The Magic of Teaching
At Wa Ora Montessori School, we are extremely lucky to see each child grow over the three years that we get to spend with them.
During this time we see them develop into their own person and reach their own potential.
However, the true magic of teaching for me, is seeing each individual child develop themselves within the class community they are in.
Tamariki help and care for each other, give each other lessons and look after the akomanga (classroom).
They also show manaakitanga by making kaiako and manuhiri tea and coffee and preparing kai for the community.
They see themselves as learners and as teachers, being able to get and give help and support and grow to care for those younger than them in a truly heartfelt and spontaneous way.
Rachel: The magic of teaching for me is recording the unforgettable moments of spontaneous play where the children role model you as a teacher.
One recent occasion was when the children had gathered together on the ‘mat’ to run their own mat time.
“SShhhhh, I’m calling the roll!” came the call from the children as they sat in front of their friends while holding onto clip boards. They looked particularly confident and very proud.
This is just precious and you know your love, professionalism and own feelings of magic have had a loving, positive impact on them.
Phyllis: The magic of teaching for me is when we see the way our 2-4 year olds show respect and interest for the special events in our Centre.
Recently we commemorated ANZAC Day and amongst other activities, the children did some research on the computer to find pictures of soldiers, teachers and nurses that had helped us in the war.
The looks on their faces made us as teachers feel so humble and proud.
We are turning magical teaching moments in to magical memories that these children will have in their profile books to share with their own families. We feel blessed to be in this occupation
We have two classrooms. Te Roopu Kauri (pig story) and Te Roopu Kereru (mounga story).
As highlighted in our Kindy philosophy, “The nurturing of our animals, the garden, and sustainable practices are a valuable part of our learning culture.
The essence of nature in our environment engages the senses, cultivates curiosity and creates wonderment and discovery.”
Taking time to honour and respect our beloved, “Mr Pig,” who passed away recently with a tangi/funeral was a remarkable, heartfelt, teaching moment about lifecycles.
It was a time of great sadness but also a time to celebrate Mr Pig’s unique life as our pet.
We gathered around his resting place, spoke of his life, shared stories and sung waiata to uplift our heavy hearts. We adorned flowers around his grave and planted a tree in honour of him.
We spoke about the cycles of life and how everything living has a beginning, an end, and living in-between.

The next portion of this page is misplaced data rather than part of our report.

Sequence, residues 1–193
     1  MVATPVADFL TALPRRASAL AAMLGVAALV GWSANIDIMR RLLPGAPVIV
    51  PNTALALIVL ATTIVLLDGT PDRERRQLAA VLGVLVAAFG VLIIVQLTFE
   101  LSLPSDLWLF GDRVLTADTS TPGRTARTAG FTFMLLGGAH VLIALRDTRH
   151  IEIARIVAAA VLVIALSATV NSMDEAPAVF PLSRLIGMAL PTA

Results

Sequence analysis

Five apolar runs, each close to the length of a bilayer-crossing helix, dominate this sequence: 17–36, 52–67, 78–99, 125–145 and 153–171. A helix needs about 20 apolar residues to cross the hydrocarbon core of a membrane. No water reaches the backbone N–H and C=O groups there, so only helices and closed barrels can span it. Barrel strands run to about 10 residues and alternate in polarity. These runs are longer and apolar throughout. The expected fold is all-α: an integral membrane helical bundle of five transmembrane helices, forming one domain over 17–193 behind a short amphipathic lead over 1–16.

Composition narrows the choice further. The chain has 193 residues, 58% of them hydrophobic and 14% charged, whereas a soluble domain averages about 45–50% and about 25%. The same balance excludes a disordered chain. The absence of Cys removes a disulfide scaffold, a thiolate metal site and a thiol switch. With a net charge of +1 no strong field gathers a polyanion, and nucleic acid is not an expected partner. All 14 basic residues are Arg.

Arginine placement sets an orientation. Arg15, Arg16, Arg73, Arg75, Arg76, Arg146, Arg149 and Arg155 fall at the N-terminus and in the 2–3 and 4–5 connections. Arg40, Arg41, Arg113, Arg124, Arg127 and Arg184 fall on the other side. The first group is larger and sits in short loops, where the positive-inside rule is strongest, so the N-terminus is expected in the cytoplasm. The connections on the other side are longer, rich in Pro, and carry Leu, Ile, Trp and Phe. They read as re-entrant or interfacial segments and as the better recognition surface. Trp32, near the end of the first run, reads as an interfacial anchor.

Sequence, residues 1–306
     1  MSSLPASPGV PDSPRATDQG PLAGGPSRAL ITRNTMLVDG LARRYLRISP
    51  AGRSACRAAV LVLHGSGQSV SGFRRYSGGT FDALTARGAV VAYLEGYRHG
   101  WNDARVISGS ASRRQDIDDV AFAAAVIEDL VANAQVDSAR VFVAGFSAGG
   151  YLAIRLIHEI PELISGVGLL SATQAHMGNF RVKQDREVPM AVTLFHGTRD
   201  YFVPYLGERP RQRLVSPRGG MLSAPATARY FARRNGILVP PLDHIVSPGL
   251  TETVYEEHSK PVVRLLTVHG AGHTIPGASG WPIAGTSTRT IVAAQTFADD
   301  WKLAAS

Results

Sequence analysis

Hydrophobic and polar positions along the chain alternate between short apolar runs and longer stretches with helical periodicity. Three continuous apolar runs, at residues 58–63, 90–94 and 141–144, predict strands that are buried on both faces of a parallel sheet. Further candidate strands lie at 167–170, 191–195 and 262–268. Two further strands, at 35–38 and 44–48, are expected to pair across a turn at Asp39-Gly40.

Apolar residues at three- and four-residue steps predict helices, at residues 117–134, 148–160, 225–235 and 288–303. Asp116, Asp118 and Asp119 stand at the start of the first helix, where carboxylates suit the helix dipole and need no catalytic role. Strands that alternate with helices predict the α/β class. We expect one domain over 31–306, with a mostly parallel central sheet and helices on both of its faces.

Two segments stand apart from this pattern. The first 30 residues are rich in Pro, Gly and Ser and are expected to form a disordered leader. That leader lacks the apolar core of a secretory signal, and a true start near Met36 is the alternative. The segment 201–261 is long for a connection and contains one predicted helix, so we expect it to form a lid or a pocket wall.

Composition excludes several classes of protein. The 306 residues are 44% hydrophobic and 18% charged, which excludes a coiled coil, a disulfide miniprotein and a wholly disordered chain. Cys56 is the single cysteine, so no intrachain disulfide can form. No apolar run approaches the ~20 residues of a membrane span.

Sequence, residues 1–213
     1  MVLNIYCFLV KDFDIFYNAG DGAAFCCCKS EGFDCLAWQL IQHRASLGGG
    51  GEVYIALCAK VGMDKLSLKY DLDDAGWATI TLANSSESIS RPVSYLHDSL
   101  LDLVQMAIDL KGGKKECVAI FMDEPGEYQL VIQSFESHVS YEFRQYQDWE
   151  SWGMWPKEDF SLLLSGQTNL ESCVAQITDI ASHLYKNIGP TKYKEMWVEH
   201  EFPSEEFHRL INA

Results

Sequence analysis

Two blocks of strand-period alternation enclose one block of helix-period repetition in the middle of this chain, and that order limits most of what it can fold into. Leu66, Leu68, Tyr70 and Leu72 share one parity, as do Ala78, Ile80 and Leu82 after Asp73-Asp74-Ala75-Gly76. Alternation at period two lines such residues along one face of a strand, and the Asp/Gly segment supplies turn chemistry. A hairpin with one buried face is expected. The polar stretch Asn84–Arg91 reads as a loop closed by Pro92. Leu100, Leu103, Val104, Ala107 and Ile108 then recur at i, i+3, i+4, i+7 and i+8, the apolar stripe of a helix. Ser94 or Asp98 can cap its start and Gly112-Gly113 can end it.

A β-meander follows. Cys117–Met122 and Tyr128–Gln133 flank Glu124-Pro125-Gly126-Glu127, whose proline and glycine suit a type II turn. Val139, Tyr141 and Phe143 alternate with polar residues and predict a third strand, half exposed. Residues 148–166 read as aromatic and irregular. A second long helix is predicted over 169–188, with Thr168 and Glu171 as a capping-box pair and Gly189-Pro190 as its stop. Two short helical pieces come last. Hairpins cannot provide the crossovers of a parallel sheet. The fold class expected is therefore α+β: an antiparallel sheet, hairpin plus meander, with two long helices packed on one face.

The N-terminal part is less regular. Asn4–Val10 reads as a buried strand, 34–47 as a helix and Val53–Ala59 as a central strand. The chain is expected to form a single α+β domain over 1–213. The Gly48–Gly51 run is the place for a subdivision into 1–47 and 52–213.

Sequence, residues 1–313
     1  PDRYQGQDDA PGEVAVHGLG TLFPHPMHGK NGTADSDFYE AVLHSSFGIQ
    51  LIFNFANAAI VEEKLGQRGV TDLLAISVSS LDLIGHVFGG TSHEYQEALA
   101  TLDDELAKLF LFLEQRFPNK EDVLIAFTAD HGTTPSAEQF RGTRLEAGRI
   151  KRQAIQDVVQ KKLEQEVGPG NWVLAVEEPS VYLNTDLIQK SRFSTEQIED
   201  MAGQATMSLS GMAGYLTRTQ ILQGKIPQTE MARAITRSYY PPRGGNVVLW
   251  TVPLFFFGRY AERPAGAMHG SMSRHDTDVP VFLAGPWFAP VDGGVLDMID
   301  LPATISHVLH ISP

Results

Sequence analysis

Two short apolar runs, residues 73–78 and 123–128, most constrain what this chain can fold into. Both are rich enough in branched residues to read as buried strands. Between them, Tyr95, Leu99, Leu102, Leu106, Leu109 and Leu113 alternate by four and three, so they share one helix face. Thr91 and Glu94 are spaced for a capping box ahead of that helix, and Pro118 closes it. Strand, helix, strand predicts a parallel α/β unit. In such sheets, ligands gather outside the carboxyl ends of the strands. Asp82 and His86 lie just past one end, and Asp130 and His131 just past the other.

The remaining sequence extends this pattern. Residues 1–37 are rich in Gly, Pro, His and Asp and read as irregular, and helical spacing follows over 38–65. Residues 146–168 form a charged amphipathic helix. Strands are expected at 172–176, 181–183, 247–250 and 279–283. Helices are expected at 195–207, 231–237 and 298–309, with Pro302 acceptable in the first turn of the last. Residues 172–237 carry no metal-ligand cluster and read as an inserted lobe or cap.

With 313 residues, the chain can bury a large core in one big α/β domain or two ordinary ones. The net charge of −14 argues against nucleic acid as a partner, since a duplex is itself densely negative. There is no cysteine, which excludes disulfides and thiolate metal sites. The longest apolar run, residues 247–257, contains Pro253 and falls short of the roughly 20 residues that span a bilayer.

We shared how sometimes things die because they are old or too sick to live, and it is their lifetime.
These discussions have supported both kaiako and tamariki to process the loss and rejoice Mr Pig’s quality of life with us at Henwood Kindy.
His time with us will be forever treasured in our memories. Adventuring into the wider world ensures a broadening of human experience.
Let us help our tamariki grow in wisdom and courage by offering them voyages beyond the garden gate.
On this day our community of learners experienced and felt the powerfully natural presence of Taranaki Te Mounga, an unhurried experience to soak up nature. Ps Mounga is Taranaki dialect, not ‘maunga’ as spelt in other areas.
Look at their faces!! A picture sure does tell a thousand words. Here at ACG Strathallan Preschool our children know how to have fun and have fun in their learning.
Not everyone appreciates all the beneficial learning that is involved with getting muddy, to some it may appear as work with the dirty clothes that are upon us, but the children’s voice overruled and led to this adventure.
We were going to change our little garden we have outside into something beautiful and appealing to the eye, but the children insisted that they wanted to just play with the ugly brown mud.
So over the past couple of months the “garden” has stayed as a “mudpit”. All the parents and teachers have come to realise through observations and theoretical findings the importance of children playing in mud.
As teachers we now know and see daily the magic that happens when all guards are let down and the children “the heart of the matter” are able to be children.
Not a day goes by here at Preschool when the children aren’t playing in their mud kitchen, making mud pies, mud soup, magic mud potions and experimenting with the icky texture of mud on their bodies.
Playing with mud also encourages creative thinking and imagination, mud can be whatever you want it to be, it facilitates the use of open-endedness when playing with their peers and inspires children to delve into the world of pretend play and use rich vocabulary with each other as well.
The children have taught us about the magic of teaching and we thank them for this. Rosie Wells ACG Strathallan Preschool Manager